In his tenure, he extended the Pacific remit to the Indian Ocean, embracing India in the strategy for the region.

He rebooted the Quad, the grouping with India, Japan and Australia, a policy that only strengthened under Biden, and he started regular summits and regular meetings of the group.

Symbolically he renamed the US military’s Pacific Command as the Indo-Pacific Command.

This strongest geostrategic bond between the US and India, which Trump discerned, can be expected to grow.

Before he ran for president in 2016, Trump had taken a very bellicose attitude towards Pakistan calling for its de-nuclearisation.

In office, political realities caught up and he softened his stance towards Islamabad when he needed its assistance for pulling out of Afghanistan.

In 2025, if he is president, Pakistan may not be as important for him

Biden extended the Quad concept towards the Middle East, creating the I2U2 group of India, Israel, the United Arab Emirates and the US, and while that could fit in with Trump’s outlook of a broader regional cohesiveness, the idea is now in shambles.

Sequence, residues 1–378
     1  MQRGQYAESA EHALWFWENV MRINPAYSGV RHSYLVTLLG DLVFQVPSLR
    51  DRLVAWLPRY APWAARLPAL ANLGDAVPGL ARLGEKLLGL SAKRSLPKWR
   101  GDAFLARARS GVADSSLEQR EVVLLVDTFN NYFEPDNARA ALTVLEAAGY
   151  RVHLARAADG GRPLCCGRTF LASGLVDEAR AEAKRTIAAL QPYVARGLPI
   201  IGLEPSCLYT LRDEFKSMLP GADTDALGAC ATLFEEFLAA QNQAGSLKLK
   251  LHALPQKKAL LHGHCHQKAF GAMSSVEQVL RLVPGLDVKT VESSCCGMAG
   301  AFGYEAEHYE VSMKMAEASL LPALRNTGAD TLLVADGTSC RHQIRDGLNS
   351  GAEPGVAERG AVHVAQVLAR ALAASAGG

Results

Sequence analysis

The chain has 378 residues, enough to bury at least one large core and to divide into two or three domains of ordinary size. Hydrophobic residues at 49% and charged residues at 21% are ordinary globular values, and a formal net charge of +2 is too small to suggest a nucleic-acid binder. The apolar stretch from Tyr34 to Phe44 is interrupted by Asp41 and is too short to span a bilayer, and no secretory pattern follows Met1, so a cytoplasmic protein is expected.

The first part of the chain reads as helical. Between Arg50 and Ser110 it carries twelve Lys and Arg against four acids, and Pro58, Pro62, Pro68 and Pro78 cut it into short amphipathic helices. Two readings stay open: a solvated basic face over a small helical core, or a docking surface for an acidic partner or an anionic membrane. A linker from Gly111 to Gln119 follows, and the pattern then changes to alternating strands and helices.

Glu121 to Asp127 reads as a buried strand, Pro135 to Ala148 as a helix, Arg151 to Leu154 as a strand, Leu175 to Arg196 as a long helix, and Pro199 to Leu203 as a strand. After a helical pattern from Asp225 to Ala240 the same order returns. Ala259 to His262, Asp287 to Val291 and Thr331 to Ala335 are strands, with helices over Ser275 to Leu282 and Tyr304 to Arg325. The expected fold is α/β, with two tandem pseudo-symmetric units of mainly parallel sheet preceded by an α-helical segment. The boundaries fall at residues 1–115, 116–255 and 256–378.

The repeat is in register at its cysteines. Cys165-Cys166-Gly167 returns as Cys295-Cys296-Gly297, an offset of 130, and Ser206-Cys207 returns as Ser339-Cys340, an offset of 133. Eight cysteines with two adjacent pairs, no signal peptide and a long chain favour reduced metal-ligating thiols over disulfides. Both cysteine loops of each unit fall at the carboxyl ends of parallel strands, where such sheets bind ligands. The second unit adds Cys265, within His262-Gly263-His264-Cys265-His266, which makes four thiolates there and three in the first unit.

Trump is known for his disdain for the Global South, the conceptually collective of the developing world whose voice India wants to be.

This could be an area of friction, even though India under Modi is not bellowing the strident rhetoric of the Nehru-Gandhi eras.

Officials in a Trump administration could be expected to push the “if you are not with us, you are against us” line that was the epitome of Nikki Haley’s tenure as the cabinet-ranked permanent representative to the United Nations and its resurgence could ensnare independent-minded India in the rhetoric.

Trump is often smeared as anti-immigrant in the media and by the liberals, who fail to distinguish between legal immigration that he supports – and wants to revamp – and the illegal immigration that he attacks in the harshest terms.

He has proposed a merit-based system of immigration similar to Canada’s that selects immigrants based on their abilities and other factors like the need for their skills that would benefit highly-qualified Indians who are now stuck in a decades-long limbo.

However, he wants to abolish chain migration – people coming in only based on family ties – and has promised a harsh crackdown on illegal immigrants that would hit the tens of thousands who came in from India with dubious asylum claims under Biden’s almost-open-border policy.

And finally, there are personalities to consider in a putative Trump 2.0: Kashyap “Kash” Patel and Vivek Ramaswamy.

Ramaswamy, who pictured himself as a mini-Trump in the unsuccessful run for the Republican nomination, may get a position if there is a Trump administration.

Diehard loyalist and Trump adviser on strategic affairs, Kash Patel is, however, likely more of an important figure, having been considered for the acting directorship of the Central Intelligence Agency by Trump at the age of 41.

And Haley who had initially opposed him in the 2016 campaign but ended up in his cabinet?